1. The well-padded splint and dressings will stay on for 1.5-2 weeks to allow for adequate revascularization of the graft while also balancing immobilization of the extremity. This dressing allows for both prevention of fluid accumulation and minimizes shearing forces that are normally produced through joint motion. Tie-over bolsters can be used, if necessary, but commonly well-placed cotton gauze wraps suffice and avoid the challenge of removing the bolster in a child.

Figure 1. Intraoperative photograph of skin graft markings. Vertically oriented line is determined according to the patient’s midline.


Figure 2. Full-thickness skin graft following thinning. Note the absence of subcutaneous fat from the graft and relatively uniform appearance of dermis.


Figure 3. Well-padded splint applied to entire upper extremity to allow for maximal skin graft take.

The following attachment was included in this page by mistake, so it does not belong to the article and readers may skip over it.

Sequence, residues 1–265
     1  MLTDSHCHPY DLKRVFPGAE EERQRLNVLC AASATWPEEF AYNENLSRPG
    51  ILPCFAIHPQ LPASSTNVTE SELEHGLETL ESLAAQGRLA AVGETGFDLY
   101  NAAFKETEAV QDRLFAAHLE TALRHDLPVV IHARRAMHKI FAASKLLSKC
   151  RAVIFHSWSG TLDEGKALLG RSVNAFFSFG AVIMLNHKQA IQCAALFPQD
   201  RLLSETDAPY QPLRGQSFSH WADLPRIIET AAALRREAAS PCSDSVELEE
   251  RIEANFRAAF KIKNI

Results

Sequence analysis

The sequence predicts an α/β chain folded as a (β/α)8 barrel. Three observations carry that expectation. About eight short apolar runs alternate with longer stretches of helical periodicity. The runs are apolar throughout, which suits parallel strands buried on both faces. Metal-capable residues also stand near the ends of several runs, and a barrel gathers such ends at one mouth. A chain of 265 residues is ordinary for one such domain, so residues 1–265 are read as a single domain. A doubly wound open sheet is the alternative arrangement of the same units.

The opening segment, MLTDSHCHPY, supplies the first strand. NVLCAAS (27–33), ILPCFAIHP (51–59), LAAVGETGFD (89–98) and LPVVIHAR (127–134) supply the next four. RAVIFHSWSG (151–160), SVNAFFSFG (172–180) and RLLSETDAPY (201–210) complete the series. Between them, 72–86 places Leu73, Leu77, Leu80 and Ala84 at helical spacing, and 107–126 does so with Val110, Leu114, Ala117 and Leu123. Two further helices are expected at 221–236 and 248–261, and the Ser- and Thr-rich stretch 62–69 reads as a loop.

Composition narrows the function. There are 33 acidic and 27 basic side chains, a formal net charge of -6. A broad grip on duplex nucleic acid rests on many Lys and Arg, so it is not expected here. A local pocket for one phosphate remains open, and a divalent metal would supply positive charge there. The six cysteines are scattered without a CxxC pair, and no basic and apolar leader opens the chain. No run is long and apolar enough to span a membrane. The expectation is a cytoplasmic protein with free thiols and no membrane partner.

To further illustrate the utility of FTSG, we present a case involving a 13-year-old female patient who underwent surgical excision of a right distal femoral osteochondroma. During the surgery, a suspicious nevus was identified on the plantar surface of the second toe. To reconstruct the nevus excision site, the decision was made to utilize an FTSG harvested from the thigh. The nevus before and after excision is demonstrated in Figure 4 and Figure 5, respectively.

Figure 4. Suspicious appearing nevus along the plantar surface of the second toe.


Figure 5. Resulting defect following nevus excision.


A full-thickness skin graft was harvested from the medial thigh, the donor site was closed primarily, and the graft prepared as described above (Figure 6).

Figure 6. Skin graft donor site along medial thigh.


The skin graft was trephined to facilitate fluid drainage and secured to the recipient site. To ensure appropriate compression and minimize shearing forces, a Xeroform bolster was utilized to secure the skin graft (Figure 7).

Figure 7. Xeroform bolster secured with interrupted Nylon sutures.


A 2-week postoperative follow-up revealed excellent skin graft take (Figure 8).

Figure 8. Appearance of skin graft at 2 weeks (left) and at 6 weeks final follow-up (right).